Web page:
ConstitutionDAO’s bidding did not go as hoped at Sotheby’s. Members watched a livestream on YouTube, where commentary from DAO members flooded the video’s sidebar. After competitive bidding, the field quickly narrowed down to two parties represented by Brooke Lampley, Sotheby’s chairman and worldwide head of sales, and David Schrader, the worldwide head of private sales. (Auction house representatives were on live phone lines communicating with the potential buyers.)

But the DAO members, many having waited as artworks of Matthew Wong, Mark Bradford, and street artist Banksy were auctioned off, seemed unclear about who was representing them during the bidding for the copy of the Constitution.

“​Are we with brook or david? Who’s dao?,” one user wrote on YouTube. “ARE WE BROOKE OR DAVID????????” another pleaded. Finally, Lampley, paddle 411 in hand, won the bid. But it took close to 15 minutes until the ConstitutionDAO Twitter handle posted about its own defeat, and for misplaced celebrations and widespread confusion to end. Lampley represented a different buyer.

“While this wasn’t the outcome we hoped for, we still made history tonight,” the statement read, hailing the effort as a victory for crowdfunding, online organizing, and DAOs. But the ultimate goal was clear. “We have educated an entire cohort of people around the world—from museum curators and art directors asking us what [ether] is when they read about us in the news—about the possibilities of web3.”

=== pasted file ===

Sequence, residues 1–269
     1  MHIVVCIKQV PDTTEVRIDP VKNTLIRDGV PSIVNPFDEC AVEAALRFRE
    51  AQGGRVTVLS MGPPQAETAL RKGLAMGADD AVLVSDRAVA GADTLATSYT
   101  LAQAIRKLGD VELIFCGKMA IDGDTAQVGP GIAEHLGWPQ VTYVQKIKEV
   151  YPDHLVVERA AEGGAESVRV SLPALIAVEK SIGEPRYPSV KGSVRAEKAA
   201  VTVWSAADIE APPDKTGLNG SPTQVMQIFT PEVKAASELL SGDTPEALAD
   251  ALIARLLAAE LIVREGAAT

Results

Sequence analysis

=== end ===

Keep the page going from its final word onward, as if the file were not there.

If successful, ConstitutionDAO would have been a fascinating example of a new form of online governance as web3 advocates push for a decentralized internet. But as millions of dollars are returned to the DAO’s members, there might be a slight sigh of relief from those on the “core team”—the effective leaders of an organization without an official hierarchy. Now they, and 17,000 other strangers don’t have to worry about how to govern the collective—and what to do with a copy of the US Constitution.